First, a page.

The source of the formation of the big holes in the Antarctic winter ice pack has been finally found, says a new study. These enormous holes have been appearing mysteriously from time to time in the past. These holes though have existed from as early as in the 1970s, the reason for their formation had been largely unknown. These giant holes are called polynyas which is a Russian word for open waters. They are suggested to have been formed by storms and salts.
The polynyas have come up in the news in the recent past because of the discovery of two very large such holes found in the Weddell sea in the years 2016 and 2017. In the discovery made in 2017, the hole was found to be as wide as 115,097 square miles (298,100 square kilometers) according to an article published in the journal Geophysical Research Letters. The new researches have been conducted by equipping seals with temporary satellite tags and some floating robots. The seals were later allowed to dive under the ice surface to collect data on the condition of water there.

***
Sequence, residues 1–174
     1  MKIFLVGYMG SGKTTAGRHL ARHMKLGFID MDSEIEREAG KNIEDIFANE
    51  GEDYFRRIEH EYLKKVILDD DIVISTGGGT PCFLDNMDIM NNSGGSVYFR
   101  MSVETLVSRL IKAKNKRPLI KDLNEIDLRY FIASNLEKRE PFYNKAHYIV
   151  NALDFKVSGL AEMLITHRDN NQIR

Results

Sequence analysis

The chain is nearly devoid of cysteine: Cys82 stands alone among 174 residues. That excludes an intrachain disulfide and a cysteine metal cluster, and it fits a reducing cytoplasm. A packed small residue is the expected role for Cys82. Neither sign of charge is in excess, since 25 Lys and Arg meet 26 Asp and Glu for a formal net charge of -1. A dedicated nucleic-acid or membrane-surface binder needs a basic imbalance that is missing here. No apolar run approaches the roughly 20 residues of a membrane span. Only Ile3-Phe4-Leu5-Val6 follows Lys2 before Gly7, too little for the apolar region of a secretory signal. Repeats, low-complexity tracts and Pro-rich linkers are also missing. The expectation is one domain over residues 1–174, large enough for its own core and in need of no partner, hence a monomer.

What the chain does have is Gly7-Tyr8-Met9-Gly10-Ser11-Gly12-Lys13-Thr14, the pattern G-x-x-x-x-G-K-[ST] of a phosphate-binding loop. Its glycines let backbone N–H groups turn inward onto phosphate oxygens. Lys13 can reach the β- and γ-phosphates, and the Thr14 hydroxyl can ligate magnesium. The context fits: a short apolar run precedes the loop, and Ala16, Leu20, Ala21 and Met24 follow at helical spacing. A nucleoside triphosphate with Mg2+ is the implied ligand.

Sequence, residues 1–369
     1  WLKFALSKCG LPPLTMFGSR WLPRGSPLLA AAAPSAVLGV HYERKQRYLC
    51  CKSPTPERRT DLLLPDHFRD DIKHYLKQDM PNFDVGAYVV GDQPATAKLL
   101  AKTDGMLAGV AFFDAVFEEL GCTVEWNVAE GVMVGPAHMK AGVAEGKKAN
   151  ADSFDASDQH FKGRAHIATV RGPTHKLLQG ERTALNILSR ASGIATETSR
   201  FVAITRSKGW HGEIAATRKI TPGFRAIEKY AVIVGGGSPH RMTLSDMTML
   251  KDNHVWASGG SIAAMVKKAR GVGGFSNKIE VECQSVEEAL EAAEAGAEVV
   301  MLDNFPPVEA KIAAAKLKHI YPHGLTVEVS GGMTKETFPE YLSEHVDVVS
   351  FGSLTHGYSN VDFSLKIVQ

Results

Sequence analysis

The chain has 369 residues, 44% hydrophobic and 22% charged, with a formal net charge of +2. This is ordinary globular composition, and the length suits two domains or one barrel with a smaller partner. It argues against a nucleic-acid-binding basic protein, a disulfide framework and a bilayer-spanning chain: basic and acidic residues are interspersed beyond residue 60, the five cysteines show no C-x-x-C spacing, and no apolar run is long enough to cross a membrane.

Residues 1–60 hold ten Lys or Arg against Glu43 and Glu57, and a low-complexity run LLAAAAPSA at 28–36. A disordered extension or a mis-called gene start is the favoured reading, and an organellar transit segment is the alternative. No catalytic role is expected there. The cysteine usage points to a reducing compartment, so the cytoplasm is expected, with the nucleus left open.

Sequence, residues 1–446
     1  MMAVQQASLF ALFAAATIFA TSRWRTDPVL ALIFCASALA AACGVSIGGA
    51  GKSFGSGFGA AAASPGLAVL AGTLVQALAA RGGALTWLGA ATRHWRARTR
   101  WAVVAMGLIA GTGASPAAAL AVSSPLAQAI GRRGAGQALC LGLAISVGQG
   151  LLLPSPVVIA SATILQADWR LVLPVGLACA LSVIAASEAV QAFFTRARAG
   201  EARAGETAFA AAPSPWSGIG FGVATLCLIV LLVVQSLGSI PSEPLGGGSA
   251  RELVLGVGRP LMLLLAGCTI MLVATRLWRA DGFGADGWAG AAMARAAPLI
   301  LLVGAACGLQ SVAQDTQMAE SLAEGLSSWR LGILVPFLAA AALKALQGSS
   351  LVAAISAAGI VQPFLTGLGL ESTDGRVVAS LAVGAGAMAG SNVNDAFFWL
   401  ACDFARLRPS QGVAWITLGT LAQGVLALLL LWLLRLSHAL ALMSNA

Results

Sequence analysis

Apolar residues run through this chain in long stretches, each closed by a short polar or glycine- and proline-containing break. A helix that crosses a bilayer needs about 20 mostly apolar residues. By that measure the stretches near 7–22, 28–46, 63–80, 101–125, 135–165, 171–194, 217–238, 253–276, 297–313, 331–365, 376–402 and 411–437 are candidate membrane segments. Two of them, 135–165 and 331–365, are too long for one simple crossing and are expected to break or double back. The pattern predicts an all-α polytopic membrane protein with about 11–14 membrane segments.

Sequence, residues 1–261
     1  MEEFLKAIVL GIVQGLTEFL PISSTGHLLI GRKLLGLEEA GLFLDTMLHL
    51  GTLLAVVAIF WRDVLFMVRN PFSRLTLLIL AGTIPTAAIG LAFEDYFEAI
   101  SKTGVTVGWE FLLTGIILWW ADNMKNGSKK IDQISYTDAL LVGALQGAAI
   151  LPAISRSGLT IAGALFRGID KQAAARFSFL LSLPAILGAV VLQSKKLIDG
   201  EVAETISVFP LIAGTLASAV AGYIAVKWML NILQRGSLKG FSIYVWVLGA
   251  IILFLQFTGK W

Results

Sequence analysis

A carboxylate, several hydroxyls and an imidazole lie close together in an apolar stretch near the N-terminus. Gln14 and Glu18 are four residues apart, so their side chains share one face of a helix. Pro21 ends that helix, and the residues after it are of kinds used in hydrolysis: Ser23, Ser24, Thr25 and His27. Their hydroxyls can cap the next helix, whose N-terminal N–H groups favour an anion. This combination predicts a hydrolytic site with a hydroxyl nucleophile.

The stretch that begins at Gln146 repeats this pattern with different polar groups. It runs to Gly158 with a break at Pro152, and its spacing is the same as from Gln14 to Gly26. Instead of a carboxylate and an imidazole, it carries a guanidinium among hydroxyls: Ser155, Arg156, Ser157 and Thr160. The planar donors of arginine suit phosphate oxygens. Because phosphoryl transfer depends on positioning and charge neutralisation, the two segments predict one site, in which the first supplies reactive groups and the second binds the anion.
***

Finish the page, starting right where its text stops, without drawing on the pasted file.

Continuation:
Ethan Campbell, a doctoral student in oceanography at the University of Washington, while talking to Live Science said, “It may modify weather patterns around Antarctica.” He also suggested that only bad weather conditions couldn’t have been the sole reason for the formation of such massive holes as storms and bad weather are frequent occurrences in the region. The increased salinity of the surface, which is caused by winds from near to the coast is considered as a major reason for the ocean layers to separate. The harsh winds of the year 2016 and 2017 brought up warm waters from the bottom of the ocean which helped melt the ice.
The research examined polynyas in the course of their formation and found out them to be releasing huge amounts of heat into the atmosphere from the deep-sea. The scientists are still to find out what may be the consequences of heat discharged in such a way. The latest complete look at the giant holes has revealed that these are formed by bad weather conditions and rapidly alternating climate variations.
John is the Editor-in-Chief of Report Herald. He has an experience of 13 years in the journalism field. John writes on Science and Technology news for Report Herald.